CookiesWe use cookies to make it easier for you to browse our website. If you, as a user, visit our website, it is our understanding that you are granting your consent to the use of cookies. You may obtain more information on cookies and their use hereOK
Never-ending nights of dancing to the rhythm of rock ‘n’ roll, twist and Afro-Cuban music, joyful depictions of the social variety in Bamako, and the explosion of freedom and happiness lived in Mali after earning its independence from France in 1960 are some of the scenes portrayed by Malick Sidibé. The Malian photographer became a household name both in his country and worldwide thanks to his sincere images, through which he showed the world what a great country Mali is. And one year later after he sadly passed away, the Fondation Cartier pour l’art contemporain inaugurates next October 20 a whole retrospective to him, titled Malick Sidibé, Mali Twist, with more than two hundred and fifty photographs, many of them yet unseen.

One of the most international photographers from the African continent, Malick Sidibé, lived one of the most exciting moments in his country’s history: the independence. He quickly started immortalizing the wave of joy, happiness and freedom that ran through his fellow citizens’ blood. But how did he get to do that? Born in 1935 in a town next to Bamako, Mali’s capital, Sidibé showed an early sensitivity and ability for crafts. Thus, he graduated in 1955 from the Sudanese craftsmen school and immediately worked with photographer Gérard Guillat. In 1962, he opened Studio Malick, thanks to which he gained popularity and became the official photographer of every soirée.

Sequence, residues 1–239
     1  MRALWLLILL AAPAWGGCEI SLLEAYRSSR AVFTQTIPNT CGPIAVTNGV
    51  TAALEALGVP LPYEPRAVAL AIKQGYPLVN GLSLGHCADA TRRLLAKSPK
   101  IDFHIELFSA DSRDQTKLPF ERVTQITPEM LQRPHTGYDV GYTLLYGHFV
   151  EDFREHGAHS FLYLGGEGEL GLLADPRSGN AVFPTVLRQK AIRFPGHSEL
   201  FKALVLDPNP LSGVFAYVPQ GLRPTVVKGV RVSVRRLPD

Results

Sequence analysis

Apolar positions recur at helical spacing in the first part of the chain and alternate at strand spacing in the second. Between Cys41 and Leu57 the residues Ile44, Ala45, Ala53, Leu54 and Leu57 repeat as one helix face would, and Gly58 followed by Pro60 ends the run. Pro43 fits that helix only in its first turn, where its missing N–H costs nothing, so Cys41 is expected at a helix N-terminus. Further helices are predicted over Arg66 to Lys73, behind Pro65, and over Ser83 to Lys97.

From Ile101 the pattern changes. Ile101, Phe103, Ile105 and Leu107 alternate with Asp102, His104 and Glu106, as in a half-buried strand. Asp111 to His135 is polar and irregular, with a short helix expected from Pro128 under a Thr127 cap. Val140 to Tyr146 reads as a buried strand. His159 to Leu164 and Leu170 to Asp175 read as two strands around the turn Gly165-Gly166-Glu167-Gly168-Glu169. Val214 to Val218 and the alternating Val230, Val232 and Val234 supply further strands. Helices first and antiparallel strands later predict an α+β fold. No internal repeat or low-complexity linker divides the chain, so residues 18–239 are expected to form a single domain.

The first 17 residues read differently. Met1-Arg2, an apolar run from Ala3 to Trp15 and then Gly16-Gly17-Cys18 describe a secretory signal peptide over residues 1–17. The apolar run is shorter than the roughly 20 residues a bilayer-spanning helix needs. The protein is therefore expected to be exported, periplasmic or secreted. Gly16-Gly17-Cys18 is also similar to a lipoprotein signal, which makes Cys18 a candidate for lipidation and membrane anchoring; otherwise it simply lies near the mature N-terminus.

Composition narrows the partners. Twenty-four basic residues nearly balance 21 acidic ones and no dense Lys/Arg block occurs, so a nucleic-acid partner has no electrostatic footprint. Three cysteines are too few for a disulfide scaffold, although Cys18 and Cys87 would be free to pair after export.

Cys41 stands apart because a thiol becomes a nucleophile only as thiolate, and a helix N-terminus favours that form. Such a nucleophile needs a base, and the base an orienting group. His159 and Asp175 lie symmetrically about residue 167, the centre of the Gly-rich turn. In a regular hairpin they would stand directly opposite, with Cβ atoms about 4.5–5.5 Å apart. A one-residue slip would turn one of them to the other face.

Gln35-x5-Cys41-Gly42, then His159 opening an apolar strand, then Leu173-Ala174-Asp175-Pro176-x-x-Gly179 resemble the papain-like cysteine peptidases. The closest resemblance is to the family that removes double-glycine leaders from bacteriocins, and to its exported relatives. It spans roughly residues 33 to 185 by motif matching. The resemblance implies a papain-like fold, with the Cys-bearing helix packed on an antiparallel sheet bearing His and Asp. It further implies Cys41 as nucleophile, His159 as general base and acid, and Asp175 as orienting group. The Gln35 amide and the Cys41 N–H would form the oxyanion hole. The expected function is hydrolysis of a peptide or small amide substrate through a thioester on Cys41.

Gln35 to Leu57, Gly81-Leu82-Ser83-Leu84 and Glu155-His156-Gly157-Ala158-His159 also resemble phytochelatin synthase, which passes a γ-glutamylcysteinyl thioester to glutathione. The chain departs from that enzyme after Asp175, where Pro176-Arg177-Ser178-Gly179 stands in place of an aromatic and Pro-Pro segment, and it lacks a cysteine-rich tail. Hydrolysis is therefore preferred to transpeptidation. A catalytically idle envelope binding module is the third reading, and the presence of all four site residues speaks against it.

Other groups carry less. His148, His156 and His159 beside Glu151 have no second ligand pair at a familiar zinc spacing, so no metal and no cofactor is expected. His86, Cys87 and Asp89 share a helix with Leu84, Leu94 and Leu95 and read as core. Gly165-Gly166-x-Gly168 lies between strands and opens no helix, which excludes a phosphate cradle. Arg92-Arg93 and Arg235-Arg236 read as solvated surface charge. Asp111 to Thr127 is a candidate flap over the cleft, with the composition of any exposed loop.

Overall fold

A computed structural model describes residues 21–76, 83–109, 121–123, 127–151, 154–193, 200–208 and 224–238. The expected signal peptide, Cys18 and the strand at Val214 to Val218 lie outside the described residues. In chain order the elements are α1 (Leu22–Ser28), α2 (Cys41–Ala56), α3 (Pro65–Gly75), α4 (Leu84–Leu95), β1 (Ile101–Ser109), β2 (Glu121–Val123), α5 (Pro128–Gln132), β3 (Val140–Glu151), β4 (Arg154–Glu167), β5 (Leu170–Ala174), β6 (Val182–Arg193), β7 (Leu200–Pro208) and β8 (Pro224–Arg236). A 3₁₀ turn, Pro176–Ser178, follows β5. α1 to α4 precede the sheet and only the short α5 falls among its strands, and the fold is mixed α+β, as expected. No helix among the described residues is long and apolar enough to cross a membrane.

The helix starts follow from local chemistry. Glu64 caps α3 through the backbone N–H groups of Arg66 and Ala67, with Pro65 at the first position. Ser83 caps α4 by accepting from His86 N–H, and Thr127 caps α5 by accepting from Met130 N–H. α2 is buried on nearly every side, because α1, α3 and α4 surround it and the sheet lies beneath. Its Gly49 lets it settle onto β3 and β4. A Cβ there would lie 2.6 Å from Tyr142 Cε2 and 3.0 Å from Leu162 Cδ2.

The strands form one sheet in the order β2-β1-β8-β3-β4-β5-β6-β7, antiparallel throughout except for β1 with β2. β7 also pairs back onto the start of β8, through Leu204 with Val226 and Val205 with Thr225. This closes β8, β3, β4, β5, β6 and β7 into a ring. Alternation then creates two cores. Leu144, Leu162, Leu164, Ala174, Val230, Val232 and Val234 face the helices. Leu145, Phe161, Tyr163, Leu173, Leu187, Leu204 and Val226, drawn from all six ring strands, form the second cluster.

His black-and-white photographs are now an iconic testimony of Mali’s lifestyle in the ‘60s – he was nicknamed “the eye of Bamako” for a reason. And a very good one, actually. Some of his pictures are now true legends, and show what an open-mind and thirst for freedom and knowledge the Malians had. From stylish men in suit and ties to people holding James Brown’s vinyl, to dancing competitions, fun is what characterized those days.

The Fondation Cartier pour l’art contemporain already held Malick Sidibé’s first exhibition outside Mali – and Africa, in fact – in 1995, and is now paying tribute to his unique voice and vision with the biggest retrospective ever dedicated to him, directed by André Magnin in collaboration with Brigitte Ollier. The visitors will see more than two hundred and fifty photographs, ranging from studio portraits to party coverage, carefully selected from his vast archive. And in addition to this, the art institution has also programmed the Nomadic Nights, a series of performances, concerts, meetings around dance and music, traditional puppets and more in which Malian artists are invited to discuss Sidibé’s legacy and to show how the country’s culture is still exciting and unique.
Malick Sidibé, Malian Twist will inaugurate on October 20 and will be on show until February 25 (2018) at Fondation Cartier Pour l’Art Contemporain, 261 Boulevard Raspail, Paris.

Arnau Salvadó
À la plage, 1974. Courtesy Galerie MAGNIN-A, Paris. © Malick Sidibé

ic_eye_openCreated with Sketch.See commentsClose comments
0 resultados